Things To Do
The Counting House is perfectly located for a day or two of sightseeing in and around the City of London.
St Paul's Cathedral is about 15 mins walk in one direction and the Tower of London and Tower Bridge, approximately 15 minutes walk in the opposite direction with countless attractions in between. There are too many to mention here, but some of our favourites include:
St Paul's Cathedral
Easily one of London's most recognisable and famous landmarks. A visit must include climbing up to the Golden Gallery to enjoy a panoramic view of London that is particularly stunning on a clear and sunny day.
Often mistaken for London Bridge due to its iconic architecture, Tower Bridge is another of London's attractions that must surely be on everyone's bucket list. Including residents of London.
The Tate Modern
Recently named the most visited tourist attraction in the UK, the Tate Modern can be accessed via the Millennium Bridge which sits directly in line with St Paul's, making for a perfectly symmetrical photo opportunity. The Tate has a reliable schedule of world-class exhibitions, many of which are free to enter.
The Globe Theatre is a little further along the river and offers visitors an opportunity to travel into the past by taking in a theatrical performance in this reconstructed Elizabethan playhouse.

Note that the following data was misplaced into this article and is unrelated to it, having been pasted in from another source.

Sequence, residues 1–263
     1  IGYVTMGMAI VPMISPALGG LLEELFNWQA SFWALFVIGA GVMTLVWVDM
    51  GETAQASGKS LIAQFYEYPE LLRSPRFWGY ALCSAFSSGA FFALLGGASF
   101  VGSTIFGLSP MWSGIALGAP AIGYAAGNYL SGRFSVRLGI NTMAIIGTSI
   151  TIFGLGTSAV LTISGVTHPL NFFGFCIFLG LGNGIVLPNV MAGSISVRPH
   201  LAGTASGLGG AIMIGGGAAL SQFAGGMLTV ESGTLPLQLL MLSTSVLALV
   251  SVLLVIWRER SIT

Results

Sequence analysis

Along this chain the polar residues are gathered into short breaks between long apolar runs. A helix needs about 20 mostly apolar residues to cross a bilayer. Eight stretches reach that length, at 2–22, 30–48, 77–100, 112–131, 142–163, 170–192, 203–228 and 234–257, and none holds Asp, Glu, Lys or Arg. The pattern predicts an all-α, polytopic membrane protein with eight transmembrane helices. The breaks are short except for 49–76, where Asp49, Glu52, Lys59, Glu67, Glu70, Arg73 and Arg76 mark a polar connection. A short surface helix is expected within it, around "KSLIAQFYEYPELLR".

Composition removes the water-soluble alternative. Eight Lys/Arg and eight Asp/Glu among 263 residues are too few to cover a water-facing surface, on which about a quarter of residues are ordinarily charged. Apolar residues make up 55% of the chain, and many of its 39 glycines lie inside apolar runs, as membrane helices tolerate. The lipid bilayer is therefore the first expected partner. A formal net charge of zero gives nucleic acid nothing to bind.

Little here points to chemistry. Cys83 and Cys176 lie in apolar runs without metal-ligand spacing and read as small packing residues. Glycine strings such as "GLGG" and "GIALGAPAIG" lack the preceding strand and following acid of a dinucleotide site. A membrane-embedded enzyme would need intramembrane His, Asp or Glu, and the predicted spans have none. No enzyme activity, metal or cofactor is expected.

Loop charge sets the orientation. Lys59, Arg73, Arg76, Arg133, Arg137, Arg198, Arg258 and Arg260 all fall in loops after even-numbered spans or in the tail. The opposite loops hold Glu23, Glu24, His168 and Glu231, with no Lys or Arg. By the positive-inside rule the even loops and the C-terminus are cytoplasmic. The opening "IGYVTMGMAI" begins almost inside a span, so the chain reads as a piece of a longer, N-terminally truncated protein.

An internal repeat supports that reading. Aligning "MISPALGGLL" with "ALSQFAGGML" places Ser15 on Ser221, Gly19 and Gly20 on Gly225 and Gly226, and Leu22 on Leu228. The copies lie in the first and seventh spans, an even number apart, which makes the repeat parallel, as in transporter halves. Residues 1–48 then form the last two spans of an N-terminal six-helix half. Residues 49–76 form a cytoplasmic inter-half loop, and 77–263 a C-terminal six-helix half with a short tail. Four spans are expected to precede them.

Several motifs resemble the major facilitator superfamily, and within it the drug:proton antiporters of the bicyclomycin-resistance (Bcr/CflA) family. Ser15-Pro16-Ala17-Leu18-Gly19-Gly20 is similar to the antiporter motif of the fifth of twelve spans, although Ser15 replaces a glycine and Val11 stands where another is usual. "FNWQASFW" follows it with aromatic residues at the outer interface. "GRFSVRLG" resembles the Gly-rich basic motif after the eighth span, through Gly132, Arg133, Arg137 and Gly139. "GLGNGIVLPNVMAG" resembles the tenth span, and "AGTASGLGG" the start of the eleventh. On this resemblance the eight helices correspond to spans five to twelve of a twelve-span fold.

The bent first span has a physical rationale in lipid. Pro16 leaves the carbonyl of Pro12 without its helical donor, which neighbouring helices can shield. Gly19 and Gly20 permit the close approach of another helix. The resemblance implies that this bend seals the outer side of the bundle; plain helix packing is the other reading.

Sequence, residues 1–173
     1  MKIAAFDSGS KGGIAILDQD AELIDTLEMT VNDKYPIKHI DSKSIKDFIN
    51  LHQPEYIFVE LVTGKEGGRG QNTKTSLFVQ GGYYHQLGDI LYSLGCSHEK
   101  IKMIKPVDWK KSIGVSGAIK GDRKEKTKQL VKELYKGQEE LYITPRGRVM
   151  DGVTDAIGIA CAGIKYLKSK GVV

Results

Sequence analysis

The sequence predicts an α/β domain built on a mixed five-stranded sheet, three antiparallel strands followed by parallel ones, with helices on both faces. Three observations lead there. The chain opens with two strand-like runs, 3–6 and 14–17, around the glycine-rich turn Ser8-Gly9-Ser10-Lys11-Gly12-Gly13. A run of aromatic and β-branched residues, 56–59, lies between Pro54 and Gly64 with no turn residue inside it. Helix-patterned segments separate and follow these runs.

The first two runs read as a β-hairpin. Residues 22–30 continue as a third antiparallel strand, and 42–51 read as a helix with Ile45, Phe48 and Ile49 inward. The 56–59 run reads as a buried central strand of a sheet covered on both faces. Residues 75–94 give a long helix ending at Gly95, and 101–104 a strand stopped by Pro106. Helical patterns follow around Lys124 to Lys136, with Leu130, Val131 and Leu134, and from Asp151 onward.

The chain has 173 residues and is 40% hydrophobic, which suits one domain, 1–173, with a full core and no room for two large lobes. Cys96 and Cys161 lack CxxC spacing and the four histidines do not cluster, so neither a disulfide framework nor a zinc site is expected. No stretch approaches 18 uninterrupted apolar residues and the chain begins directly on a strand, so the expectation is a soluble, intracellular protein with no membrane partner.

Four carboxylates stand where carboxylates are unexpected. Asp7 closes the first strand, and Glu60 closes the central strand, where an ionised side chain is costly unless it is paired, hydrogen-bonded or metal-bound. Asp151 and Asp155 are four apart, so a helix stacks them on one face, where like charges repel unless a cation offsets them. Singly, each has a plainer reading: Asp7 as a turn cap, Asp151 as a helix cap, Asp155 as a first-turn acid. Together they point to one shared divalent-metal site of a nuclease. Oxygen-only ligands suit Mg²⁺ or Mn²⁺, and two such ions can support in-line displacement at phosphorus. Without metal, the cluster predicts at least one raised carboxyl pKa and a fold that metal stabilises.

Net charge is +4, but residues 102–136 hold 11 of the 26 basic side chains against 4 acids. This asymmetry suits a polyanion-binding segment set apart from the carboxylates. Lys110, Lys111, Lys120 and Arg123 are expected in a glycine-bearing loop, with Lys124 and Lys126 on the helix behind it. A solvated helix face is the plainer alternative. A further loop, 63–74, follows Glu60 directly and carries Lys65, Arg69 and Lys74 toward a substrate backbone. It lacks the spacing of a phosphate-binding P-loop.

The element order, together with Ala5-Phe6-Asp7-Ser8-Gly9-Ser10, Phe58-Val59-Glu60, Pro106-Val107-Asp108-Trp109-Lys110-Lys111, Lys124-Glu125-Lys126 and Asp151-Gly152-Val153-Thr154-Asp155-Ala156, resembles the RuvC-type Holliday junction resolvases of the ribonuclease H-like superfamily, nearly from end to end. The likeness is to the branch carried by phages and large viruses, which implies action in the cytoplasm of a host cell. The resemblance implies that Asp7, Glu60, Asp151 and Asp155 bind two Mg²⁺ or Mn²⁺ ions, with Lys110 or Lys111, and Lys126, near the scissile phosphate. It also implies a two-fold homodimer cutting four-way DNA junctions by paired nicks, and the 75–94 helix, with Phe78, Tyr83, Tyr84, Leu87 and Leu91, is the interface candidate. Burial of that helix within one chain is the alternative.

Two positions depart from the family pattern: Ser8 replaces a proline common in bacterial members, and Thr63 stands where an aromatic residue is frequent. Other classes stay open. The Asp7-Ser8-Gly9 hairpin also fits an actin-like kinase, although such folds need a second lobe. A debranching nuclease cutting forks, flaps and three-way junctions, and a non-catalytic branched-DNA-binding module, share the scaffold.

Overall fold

This imposing warship operated by the Imperial War Museum, offers visitors a glimpse of life onboard a Royal Navy cruiser. You can lose yourself for 90 minutes in the bowels of this ship and some visitors have been known to spend an entire day exploring the 9 decks.
Things to do in Cornhill
If you leave The Counting House and head right up Cornhill towards the junction of Gracechurch Street, a very short walk leads you to the church of St Peter-upon-Cornhill. As with many churches within the Square Mile, its predecessor was destroyed in the Great Fire. It was replaced by the current structure, built by Christopher Wren in 1677 - 1687. Mendelssohn played several times on the organ there, and there is an autographed manuscript within the church.
If you turn left out of the pub and head a couple of yards down Cornhill, you will come to the old 'Union Discount Company of London' building at 39 Cornhill. In 1885, the Union Discount Company of London was formed from the amalgamation of the General Credit and Discount Corporation of London and the United Discount Corporation.
It soon became the largest London discount house in terms of turnover and deposits - a position it held until the 1980s. The poet Thomas Gray was also born in a house which stood here on 26 December 1716.
Also close to the pub are the Bank of England Museum, located within the impressive walls of the Bank of England, and Leadenhall Market - an amazing piece of restored Victorian architecture that’s well worth a visit.